As for what girls or guys notice first in the opposite gender, I think it really depends on the person: not just the "beholder", but the person they're looking at. You notice whatever's most striking about them, and I'm sorry to say, most guys don't have very striking eyes (less often than girls anyway). I am a total sucker for hair, and build impacts a lot on the overall impression as well. Is he skinny, tall, muscular, on the fat side? That gives off subconscious, yet strong impressions of weakness or strength, something I believe girls are very sensitive to when it comes to guys.

    For instance, I'm 5'8", and any guy who's shorter than me will automatically be pushed into the friend zone, first look I take. Sad, but true. No matter what his eyes or mouth are like. I'm not even sure, in fact, what beautiful male eyes or mouth are supposed to look like... By definition they're not very masculine features. I'd even fear that a guy with genuinely beautiful eyes and mouth might actually look effeminate on the whole. Which is not in itself a bad thing, but certainly doesn't lead to attraction on my part. I'd say the most striking parts of a male face (or: those that make a male face beautiful) are usually jaw/chin, nose, forehead.

  20. Great post, Jay!

    I'm having great fun writing from an 18-year-old boy's POV.

    He DOES notice the body on every woman, which is quite different from how I would normally describe.

    I also pay attention to how much he SAYS (not near as much as a girl would) versus how much he THINKS. The contradiction is intriguing to me.

    Don't know yet how well I'm doing it, though. Will definitely have to get those hammer-wielding betas involved.

  21. @Sarah - thanks! I have no idea what's happening with ARCs yet, but I'll let you know when I do.

    @asia - I dunno if Harry Potter is a great example of a particularly masculine character, agreed. I was more trying to say it was an incredibly successful series, and males writing females or visa versa is totally possible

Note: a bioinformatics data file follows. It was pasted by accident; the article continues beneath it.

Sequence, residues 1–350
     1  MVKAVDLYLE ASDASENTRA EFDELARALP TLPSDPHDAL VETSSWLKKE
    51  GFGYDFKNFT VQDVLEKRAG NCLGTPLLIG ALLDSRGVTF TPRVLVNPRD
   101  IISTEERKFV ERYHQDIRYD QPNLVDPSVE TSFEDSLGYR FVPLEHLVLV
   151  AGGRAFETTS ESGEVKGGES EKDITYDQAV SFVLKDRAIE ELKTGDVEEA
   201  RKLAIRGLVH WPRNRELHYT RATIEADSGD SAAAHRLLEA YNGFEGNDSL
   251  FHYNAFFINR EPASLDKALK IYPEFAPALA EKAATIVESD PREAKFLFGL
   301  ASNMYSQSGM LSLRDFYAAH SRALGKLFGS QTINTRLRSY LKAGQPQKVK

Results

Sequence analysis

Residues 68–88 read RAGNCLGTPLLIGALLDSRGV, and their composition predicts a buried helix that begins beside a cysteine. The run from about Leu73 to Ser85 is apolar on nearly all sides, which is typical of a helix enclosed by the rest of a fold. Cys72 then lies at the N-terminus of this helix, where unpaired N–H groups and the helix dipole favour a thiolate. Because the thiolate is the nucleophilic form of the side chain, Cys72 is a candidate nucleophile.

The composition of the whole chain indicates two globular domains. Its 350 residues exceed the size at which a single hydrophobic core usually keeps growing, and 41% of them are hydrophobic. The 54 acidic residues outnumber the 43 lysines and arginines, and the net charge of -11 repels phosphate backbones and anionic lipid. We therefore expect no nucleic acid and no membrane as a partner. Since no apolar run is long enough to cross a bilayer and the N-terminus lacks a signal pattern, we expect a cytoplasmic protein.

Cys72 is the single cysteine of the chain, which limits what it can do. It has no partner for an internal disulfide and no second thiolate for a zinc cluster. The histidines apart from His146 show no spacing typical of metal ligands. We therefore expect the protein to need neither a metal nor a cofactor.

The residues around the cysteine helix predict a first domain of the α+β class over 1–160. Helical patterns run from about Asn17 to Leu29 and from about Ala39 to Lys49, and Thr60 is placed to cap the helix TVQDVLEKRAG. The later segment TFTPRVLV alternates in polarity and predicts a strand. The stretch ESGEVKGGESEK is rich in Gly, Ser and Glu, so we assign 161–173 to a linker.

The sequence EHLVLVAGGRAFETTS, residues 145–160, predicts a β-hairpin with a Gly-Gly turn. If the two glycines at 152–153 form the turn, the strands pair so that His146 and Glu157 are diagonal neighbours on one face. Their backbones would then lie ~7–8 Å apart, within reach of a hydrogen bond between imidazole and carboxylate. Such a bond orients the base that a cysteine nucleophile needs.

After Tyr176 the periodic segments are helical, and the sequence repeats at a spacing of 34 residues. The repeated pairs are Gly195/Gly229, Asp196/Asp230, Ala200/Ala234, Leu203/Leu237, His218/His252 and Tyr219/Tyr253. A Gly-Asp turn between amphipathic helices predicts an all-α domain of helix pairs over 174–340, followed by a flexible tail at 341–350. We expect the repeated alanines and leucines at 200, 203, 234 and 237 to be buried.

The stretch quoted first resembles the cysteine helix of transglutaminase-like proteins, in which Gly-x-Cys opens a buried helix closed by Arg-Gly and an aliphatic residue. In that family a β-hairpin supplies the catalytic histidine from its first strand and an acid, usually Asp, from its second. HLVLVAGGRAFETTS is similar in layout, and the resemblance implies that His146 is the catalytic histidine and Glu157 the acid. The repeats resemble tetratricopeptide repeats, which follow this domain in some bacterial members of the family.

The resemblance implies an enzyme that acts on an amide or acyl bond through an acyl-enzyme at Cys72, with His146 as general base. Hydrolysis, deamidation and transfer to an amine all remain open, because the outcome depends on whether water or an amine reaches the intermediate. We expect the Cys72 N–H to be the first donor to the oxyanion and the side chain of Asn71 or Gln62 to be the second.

@Susan - you know, that's an excellent point. Boys don't talk much in comparison to girls. I read a stat somewhere that said per day, females will say 4 words for every 1 that a male says (dunno if it's true, but I did use it to tease my wife regardless :P)

  22. Yes you are right I have to abandon fear and you have a unique idea about writing. Anyway Guest Posting or Blogging is such a great help for getting home business ideas. you are also able to promote your site, showcase your products and another thing that make blogging helpful is your ability to express your ideas. There are type of people who doesn't like to talk about what they feel but if they do it through writing they can definitely say it well. Somehow blogging becomes a theraphy too.

  23. I am writing a series of books that start with a female protagonist then the story is picked up by the male protagonist in the second book. I used examples like my sons and brothers and old boyfriends to develop his personality. This post was great food for thought. And my MC is one amazing guy!


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Item Reviewed: 5 Tips on Writing Outside Your Gender - Guest Post by Jay Kristoff Rating: 5 Reviewed By: Kate Hart